COVID-19 Convalescent Plasma Program – Donors

We are so grateful that you want to help patients in need. You must work closely with the healthcare provider or public health department who made your diagnosis (or that provider’s office staff), because there are several pieces of documentation you must have in order to donate.

If you have ever been a blood donor, the process will be very similar, except it will take a bit longer than a standard blood donation. This procedure is called “apheresis plasma donation,” and we can provide you with more details when we talk to you to schedule your donation.

Attention: Individuals with history of pregnancy
LifeStream is no longer enrolling individuals with a history of pregnancy into the CCP program. The program ends on April 30, which would not allow enough time to determine CCP donation eligibility for individuals with a history of pregnancy – a process that can take a few weeks with pre-testing before donation.  However, the need for whole blood and platelet donations has not changed. Those donations are needed every day, and we urge you to please make an appointment to donate whole blood or platelets.

COVID-19 Convalescent Plasma donations can ONLY come from donors who have fully recovered from a confirmed COVID-19 infection AND have successfully completed an eligibility process with LifeStream’s Medical Services team. If you believe you are eligible to donate COVID-19 Convalescent Plasma, please fill out the Donor Questionnaire below.

Ask yourself these questions:

  • Did I have a proven COVID-19 infection? In other words, did my provider or hospital perform a laboratory test that confirmed that I had COVID-19? (this must be a swab test inserted into your nose and possibly throat as well)
    • You will need a copy of the lab report or a written statement from your physician giving the test type, the result, and the date it was taken in order to donate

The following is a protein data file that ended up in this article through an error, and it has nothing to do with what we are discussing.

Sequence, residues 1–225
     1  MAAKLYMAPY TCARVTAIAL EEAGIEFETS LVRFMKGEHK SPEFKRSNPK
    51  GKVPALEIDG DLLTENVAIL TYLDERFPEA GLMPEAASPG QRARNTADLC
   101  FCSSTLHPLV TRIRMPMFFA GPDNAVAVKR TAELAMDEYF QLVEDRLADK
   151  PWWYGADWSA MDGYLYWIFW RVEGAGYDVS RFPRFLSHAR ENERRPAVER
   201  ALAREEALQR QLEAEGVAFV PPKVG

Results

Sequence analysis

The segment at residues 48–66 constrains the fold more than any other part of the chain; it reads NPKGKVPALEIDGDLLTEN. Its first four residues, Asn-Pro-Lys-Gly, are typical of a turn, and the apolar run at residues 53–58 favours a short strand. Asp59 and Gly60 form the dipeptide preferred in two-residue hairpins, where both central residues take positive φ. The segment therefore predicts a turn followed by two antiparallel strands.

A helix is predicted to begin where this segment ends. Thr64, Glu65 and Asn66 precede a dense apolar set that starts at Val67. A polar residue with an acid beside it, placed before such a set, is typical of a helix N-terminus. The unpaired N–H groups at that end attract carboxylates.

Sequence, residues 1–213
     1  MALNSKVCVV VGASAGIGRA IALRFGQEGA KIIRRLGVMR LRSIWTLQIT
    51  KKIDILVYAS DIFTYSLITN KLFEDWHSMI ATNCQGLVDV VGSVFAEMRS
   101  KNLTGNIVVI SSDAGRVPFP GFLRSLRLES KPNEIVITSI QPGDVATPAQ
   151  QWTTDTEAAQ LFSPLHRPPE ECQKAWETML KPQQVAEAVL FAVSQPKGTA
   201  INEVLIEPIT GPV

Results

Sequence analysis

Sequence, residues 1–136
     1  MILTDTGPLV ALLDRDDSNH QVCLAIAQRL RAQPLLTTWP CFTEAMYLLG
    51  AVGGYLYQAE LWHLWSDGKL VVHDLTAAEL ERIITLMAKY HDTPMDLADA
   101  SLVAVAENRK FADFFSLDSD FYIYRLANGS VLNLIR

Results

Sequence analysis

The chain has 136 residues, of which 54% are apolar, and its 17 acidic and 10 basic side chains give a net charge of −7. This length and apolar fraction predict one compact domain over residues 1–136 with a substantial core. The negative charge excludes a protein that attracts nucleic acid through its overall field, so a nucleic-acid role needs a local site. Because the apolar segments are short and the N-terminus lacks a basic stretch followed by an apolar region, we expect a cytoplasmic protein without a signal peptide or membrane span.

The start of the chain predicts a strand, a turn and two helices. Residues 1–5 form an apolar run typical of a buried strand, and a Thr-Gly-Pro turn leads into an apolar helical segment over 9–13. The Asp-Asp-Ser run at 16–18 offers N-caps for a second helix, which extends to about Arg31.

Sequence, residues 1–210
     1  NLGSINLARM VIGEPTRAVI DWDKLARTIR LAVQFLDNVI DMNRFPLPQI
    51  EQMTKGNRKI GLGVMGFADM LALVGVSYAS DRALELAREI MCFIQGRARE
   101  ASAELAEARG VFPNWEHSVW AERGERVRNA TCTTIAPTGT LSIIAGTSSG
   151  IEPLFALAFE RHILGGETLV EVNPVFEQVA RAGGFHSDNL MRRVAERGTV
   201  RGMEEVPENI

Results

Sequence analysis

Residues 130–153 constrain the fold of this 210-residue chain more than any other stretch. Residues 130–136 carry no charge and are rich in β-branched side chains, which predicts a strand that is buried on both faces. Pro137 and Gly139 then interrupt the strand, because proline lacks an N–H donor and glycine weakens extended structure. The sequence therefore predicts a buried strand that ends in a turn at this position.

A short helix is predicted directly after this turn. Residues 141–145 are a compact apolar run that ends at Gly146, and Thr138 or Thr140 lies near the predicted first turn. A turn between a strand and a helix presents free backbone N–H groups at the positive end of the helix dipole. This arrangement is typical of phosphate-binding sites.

• If I did NOT have a test when I got sick, can I still donate COVID-19 Convalescent Plasma?
    • No.  You must have had a diagnostic test confirming your results.
  • When was the exact last day I had symptoms of COVID-19?
    • You must have been completely without symptoms for at least 14 days (that includes taking no anti-fever medications, cough medicines, or other cold/flu medicines)
  • After I recovered, did I have a NEGATIVE COVID-19 test? 
    • If “YES,” you can donate when you’ve been symptom-free for at least 14 days
      • You will need a copy of the lab report or a written statement from your physician giving the test type, the result, and the date it was taken in order to donate
    • If “NO,” you will have to wait until you’ve been completely symptom-free for at least 28 days before you can donate

If you are a female who has ever been pregnant, we may ask you to come in a few days early in order to collect a blood sample before your actual donation. This is because pregnancy and childbirth can lead to formation of specific antibodies that would make you unable to donate a plasma product (these antibodies are not related to COVID-19 infection).

  • ​LifeStream does not test donors or blood products for ACTIVE COVID-19 infection.